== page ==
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Columns

  • Emphasizing the importance of dental care

    Kentucky families are busier and are more financially strapped than ever. Unfortunately, dental care is one of the first expenses sacrificed. What's more, dental care is still out of reach for more than three-quarters of all children utilizing Medicaid dental benefits in Kentucky because of a shortage of dentists who accept it.

    We can't let dental care, especially in the crucial early years, become an after-thought or a burden for families in Hardin County.

  • No friend of educational liberty

    We’ve seen that many in Kentucky’s legislature and teachers unions are adamant enemies of school choice in the commonwealth.

    The Kentucky Education Association has worked for years with powerful politicians to keep even the most rudimentary types of school choice – like the charter schools found in 41 other states and the District of Columbia – from winning out in Kentucky.

    But a recent ruling has revealed another player in that axis against any type of educational liberty: the Kentucky Supreme Court.

  • First priority: Fix the debt

    Burying your head in the sand. Ignoring the elephant in the room. Lying to the Emperor about his lack of new clothes. Pick your metaphor, but there is one issue to which we as Americans must reconcile ourselves: Our country’s debt path threatens us with an economic crisis if we do not take action.

    At present, our national debt exceeds $16 trillion, a figure that is larger than the size of our entire economy.

  • Trying to bring checks and balances to executive decree

    We are five weeks from what many believe will be the most important election in generations.

    Few would argue that what is “normal” — in our economy, in our international standing, in our collective expectation regarding the proper role of government — may have shifted. While most of the attention has been on the gridlock and mismanagement in Washington, we have a number of challenges that must be turned into opportunities right here in Kentucky.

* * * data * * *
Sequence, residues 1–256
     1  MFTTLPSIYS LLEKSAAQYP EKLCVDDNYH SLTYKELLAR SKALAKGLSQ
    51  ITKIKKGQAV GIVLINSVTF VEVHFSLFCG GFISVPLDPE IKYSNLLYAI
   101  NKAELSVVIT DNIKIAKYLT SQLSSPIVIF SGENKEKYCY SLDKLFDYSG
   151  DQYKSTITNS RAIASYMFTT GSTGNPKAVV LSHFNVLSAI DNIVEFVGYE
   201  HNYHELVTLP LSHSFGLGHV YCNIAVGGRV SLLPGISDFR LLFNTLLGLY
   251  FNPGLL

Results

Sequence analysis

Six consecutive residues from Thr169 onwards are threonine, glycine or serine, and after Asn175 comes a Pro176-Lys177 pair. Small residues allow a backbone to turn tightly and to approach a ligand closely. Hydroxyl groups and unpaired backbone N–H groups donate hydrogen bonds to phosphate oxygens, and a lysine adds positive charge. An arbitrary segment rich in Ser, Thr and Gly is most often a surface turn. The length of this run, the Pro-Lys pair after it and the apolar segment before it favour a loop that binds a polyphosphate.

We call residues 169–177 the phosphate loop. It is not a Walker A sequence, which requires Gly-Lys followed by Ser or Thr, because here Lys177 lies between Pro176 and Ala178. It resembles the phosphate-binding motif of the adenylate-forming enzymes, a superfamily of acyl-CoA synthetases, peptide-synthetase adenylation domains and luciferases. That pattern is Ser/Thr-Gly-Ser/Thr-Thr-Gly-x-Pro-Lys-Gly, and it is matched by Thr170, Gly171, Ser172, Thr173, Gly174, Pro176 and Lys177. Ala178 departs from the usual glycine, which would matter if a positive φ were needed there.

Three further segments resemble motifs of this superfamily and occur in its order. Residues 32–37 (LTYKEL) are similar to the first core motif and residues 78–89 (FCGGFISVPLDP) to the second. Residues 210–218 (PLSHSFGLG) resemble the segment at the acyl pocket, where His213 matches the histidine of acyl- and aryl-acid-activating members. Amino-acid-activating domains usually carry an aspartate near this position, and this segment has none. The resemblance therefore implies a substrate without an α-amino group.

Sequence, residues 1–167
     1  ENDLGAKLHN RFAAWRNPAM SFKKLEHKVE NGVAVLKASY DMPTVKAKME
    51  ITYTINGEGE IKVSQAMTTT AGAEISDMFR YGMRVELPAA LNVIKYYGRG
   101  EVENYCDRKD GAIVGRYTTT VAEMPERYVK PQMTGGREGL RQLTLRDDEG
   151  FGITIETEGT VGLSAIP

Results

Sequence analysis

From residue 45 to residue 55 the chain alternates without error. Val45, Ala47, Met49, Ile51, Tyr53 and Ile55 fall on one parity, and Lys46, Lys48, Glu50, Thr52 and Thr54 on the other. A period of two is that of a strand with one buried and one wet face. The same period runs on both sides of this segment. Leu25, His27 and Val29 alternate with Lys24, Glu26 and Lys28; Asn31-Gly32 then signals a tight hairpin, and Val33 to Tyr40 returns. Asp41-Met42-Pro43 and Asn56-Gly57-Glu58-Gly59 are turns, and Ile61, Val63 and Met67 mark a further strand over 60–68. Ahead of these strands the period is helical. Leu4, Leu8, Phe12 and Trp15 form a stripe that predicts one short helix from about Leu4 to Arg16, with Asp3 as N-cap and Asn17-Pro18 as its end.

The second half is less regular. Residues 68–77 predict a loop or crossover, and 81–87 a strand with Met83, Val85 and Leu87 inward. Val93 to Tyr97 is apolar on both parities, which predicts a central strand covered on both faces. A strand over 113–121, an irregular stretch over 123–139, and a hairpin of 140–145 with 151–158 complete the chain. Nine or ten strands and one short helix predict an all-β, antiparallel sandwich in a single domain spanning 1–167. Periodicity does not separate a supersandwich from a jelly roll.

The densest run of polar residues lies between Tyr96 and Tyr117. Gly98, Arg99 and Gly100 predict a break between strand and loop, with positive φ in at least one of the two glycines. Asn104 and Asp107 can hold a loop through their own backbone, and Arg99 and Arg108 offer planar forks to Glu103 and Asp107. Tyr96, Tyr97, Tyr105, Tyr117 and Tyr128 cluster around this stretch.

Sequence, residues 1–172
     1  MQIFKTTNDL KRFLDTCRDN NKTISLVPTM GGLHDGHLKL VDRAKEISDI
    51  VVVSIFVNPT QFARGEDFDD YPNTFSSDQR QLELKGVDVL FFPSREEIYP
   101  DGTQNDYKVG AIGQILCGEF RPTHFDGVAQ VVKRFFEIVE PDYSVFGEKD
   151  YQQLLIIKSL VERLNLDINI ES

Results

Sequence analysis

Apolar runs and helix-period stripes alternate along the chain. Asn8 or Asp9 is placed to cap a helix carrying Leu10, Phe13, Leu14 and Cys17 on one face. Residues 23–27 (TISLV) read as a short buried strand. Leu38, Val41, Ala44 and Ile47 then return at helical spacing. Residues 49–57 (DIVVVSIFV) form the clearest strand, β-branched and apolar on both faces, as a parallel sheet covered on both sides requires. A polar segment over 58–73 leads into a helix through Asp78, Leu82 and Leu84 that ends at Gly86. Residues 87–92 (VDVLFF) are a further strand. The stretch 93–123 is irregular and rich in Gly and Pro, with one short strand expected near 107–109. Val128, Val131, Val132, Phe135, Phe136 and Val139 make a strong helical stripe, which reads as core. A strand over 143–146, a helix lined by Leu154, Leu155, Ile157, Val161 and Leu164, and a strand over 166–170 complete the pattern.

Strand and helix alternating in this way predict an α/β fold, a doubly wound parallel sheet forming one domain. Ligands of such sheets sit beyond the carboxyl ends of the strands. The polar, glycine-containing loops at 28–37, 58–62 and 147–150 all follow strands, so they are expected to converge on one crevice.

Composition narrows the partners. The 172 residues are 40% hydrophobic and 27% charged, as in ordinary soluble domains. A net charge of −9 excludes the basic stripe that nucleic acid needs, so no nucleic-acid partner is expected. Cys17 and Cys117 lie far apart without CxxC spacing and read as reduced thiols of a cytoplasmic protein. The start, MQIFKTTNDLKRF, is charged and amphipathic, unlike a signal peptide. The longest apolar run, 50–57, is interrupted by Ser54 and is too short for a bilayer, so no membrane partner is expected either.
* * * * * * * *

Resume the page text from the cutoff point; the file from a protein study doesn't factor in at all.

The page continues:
• Exploring one unanswerable question

    In the solemn silence of introspective moments, there's one question we most often ask ourselves.

    Who am I?

    The answers are obviously quite individual.

    Sometimes it's defined by a stage of life: Son, husband, father, grandpa all have applied to me. Other times, we respond by simply considering our occupation or our education as if that alone defines anyone.

    In a more probing personal analysis, the answer can be complex. My 7-year-old grandson recently described himself as an inquirer and risk taker.

  • When you return, it's nice to be welcomed

    “Welcome back, Mr. Whitlock,” the hotel host greeted me as I returned with my wife from an evening out.

    I looked down to see if I had a name tag on my shirt. Almost feeling like a celebrity, I whispered to Lori as we got on the elevator, “How did he know my name?”

    It’s nice to be welcomed back.

    And when someone knows who we are and can call us by name, like the host at the hotel did to me, it makes us feel even more special.

  • Driving delays equate to points of progress

    hese days, most any drive around Hardin County means encountering a highway work zone. It’s a constant reminder of growth and change.

    Ring Road’s frequently marred these days with a dirt path caused by the frequent crossing of construction vehicles where the widened Rineyville Road one day will intersect. The hillsides along the road, also known as Ky. 1600, are undergoing changes from Helmwood Heights Elementary School to the place where the new connector breaks to the north en route to Radcliff.

  • It’s the patient, stupid

    We find ourselves in an election cycle again and slogans pop into the public consciousness and then fade away. In 1992, James Carville was an adviser to then-Gov. Bill Clinton and famously came up with the simple idea that resonated throughout the electorate: It’s the economy, stupid. With his southern drawl and aggressive attitude, the clear simplicity of the message hit home.

  • Like robbing Peter, paying Paul and looking for Mary

    Like ugly, entrenched weeds overtaking plush gardens, Kentucky’s $34 billion unfunded public pension liability now dominates all budget decisions – not only in Frankfort but  in Kentucky’s 418 cities.

    State political leaders have made it clear they are willing to sacrifice human capital before allowing the fiscal realities of the commonwealth’s pension debt to crowd out costly pet projects – or their own opulent retirement benefits.

  • Reflections on a pond

    The pond at White Mills Christian Camp is remarkable. It defies the very laws of nature as it rests above the flood plain that surrounds it on three sides.

    Occasionally, the Nolin River will charge out of its banks and threaten to absorb the pond. However, the pond is too lofty to attain. The river retreats slowly back to its own space as the pond calls out, “Away from me, you who are bloodthirsty!”